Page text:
You mentioned Sequim. It's a really short drive to the Olympic Mountains and great salt water right there.
It's also got way less rain than 45 miles away. It has a big retirement community and plenty of local services for when you need them.
I haven't done much travelling in the state but I really enjoy living on the KP. I'm close enough to Seattle that I can easily catch a ferry when needed. I have saltwater fishing at my door and a marina to tie up the boat. Traffic is almost nil...I definately can't stand traffic in Bremerton, Silverdale area. Poulsbo traffic on the main drag is tolerable...just.
Port Ludlow and Mats Mats has always struck me as nice little towns...perhaps a bit too rich for my blood though. Port Hadlock would be ok. Dunno...having a place on a good lake would be nice too...I could see myself retired at someplace like Cady.
couple to three years and I'll be pulling the plug...honestly can't wait to get out of this state..20 years is enough....smithers, san diego, tropic's, idaho, oregon...Worst fish and wildlife management I've ever seen in this state...all yours!!!
If Washington is your desire then I'd think about Thurston County (Olympia area). There is a lot of ground available, places in the Olympia area to shop and it's relatively close to the southwest rivers, Columbia, etc. It's also close to the ocean beaches and by way of Shelton, the Olympic Peninsula. The property values a lower and hence less expensive than King and Pierce counties, as well. There is also a big freeway that goes through the middle by which you can get to just about anywhere you want to go. For myself, I live in the Tacoma area and find that I like it quite well however there are few 1 acre parcels for sale unless you get out toward the mountains. It's a matter of taste.
I'm back. Apologies for lack of responses but not being near a computer makes it problematic. A lot of GREAT responses. Overall, I ponder lake-centric or river-centric. Then I thought about the last 30 times I have fished and really enjoyed it... 24 times on lakes, 6 on rivers. Hummm.... as for "California dirt", yes, we see little of it as everything is getting built out. At an upscale community just southwest of us by 2 miles a half acre to acre lot, just dirt... plain olllll dirt... is $1.5-2.0M That's U.S. dollars. People buy "scrapers" for $1.5, demolish them, put up a new home at $500/sq ft. I find it bizarre as I wallow with the working masses in the flat lands. At least for now. I don't need the traffic, whackos (those with "alternative lifestyles") and just plain silliness. Time to move on. I now spend free time researching your suggestions. An extended road trip is required. My sincere thanks to all and "keep those cards and letters comin' " ... enjoy in good health !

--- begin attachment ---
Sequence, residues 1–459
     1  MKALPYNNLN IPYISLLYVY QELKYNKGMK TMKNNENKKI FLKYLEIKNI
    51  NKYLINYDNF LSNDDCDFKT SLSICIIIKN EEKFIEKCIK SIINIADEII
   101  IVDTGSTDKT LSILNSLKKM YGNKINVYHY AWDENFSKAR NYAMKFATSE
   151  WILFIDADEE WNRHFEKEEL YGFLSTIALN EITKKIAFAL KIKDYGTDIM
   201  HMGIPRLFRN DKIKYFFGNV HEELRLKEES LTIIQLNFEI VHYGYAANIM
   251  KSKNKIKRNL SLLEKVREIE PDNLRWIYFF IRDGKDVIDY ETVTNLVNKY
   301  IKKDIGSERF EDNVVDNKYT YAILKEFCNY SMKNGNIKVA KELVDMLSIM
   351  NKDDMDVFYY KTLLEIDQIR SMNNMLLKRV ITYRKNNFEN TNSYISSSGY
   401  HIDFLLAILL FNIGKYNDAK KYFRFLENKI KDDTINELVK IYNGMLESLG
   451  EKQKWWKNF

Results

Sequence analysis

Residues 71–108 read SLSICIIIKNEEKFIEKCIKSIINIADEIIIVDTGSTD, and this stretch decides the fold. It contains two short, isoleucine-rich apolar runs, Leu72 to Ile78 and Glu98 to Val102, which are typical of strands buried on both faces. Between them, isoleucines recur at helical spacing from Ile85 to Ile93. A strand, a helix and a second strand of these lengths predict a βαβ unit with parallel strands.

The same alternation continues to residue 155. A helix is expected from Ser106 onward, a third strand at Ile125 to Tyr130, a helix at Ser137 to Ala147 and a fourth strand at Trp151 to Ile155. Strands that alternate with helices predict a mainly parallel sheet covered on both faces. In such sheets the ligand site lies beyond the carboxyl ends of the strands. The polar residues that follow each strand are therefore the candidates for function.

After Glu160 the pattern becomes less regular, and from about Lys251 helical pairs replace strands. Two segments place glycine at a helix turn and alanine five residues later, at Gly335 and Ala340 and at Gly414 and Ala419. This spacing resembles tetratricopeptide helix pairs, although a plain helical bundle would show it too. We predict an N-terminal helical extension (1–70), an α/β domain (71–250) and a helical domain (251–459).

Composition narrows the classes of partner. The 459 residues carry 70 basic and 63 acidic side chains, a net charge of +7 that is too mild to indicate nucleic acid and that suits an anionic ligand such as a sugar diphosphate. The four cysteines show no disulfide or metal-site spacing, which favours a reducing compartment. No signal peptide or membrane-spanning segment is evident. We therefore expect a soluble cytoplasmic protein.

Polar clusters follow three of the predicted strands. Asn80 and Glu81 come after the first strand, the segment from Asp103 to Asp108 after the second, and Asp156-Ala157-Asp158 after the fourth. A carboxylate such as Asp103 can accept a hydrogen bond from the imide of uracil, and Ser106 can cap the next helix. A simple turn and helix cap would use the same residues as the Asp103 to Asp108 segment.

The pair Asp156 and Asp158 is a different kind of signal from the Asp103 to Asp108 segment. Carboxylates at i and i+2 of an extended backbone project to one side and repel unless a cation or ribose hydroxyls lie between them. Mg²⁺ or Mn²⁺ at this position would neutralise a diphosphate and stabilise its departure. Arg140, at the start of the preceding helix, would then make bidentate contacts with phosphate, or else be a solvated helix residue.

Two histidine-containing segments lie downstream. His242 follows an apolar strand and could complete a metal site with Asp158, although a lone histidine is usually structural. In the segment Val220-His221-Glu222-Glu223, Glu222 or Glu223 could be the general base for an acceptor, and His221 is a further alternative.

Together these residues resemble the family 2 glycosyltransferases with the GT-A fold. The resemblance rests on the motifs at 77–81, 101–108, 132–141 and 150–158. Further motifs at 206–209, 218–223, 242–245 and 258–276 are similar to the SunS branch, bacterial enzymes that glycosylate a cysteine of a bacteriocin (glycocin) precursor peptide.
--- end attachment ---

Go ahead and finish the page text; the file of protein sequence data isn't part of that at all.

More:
Seriously Take a look at the Ellensburg or Cle Elum area. The Teanaway valley just northeast of Cle Elum would be perfect. You could live right on a beautiful trout stream that's just miles from the Yakima river. Ellensburg is small, but it's a college town so there are some advantages from that.
Kitsap County has 114 miles of saltwater shoreline, very good golf courses with easy access, and of course great boating waters. Sea run cutthroat and salmon central for the fly fisherman. Nice properties and easy access to the Olympic Pennisula. The disadvantage is its about 125 miles to the Yakima River, about the same to the Forks area, and eastside (Seattle "S" Rivers) are not quick to get to. Taxes are 8.6%.
Ellensburg is a nice town, but the WIND is a definite drawback! I love the Methow, and have a house there, but for full time living, it lacks some of the creature comforts of a bigger city. That said, it has skiing, xc skiing, and some winter steelhead and trout fishing pretty close, and it is dynamite for fishing lakes, rivers and streams from mid spring to late fall and there is even some pretty decent upland hunting in the fall as well. I plan to spend about half of my time there, now that I'm retired, and the rest in Ferndale (an excellent choice as well for retirement!) with occasional tropical trips in the winter, as well as spending time at my parents house in the Phoenix area as they no longer use it. Rick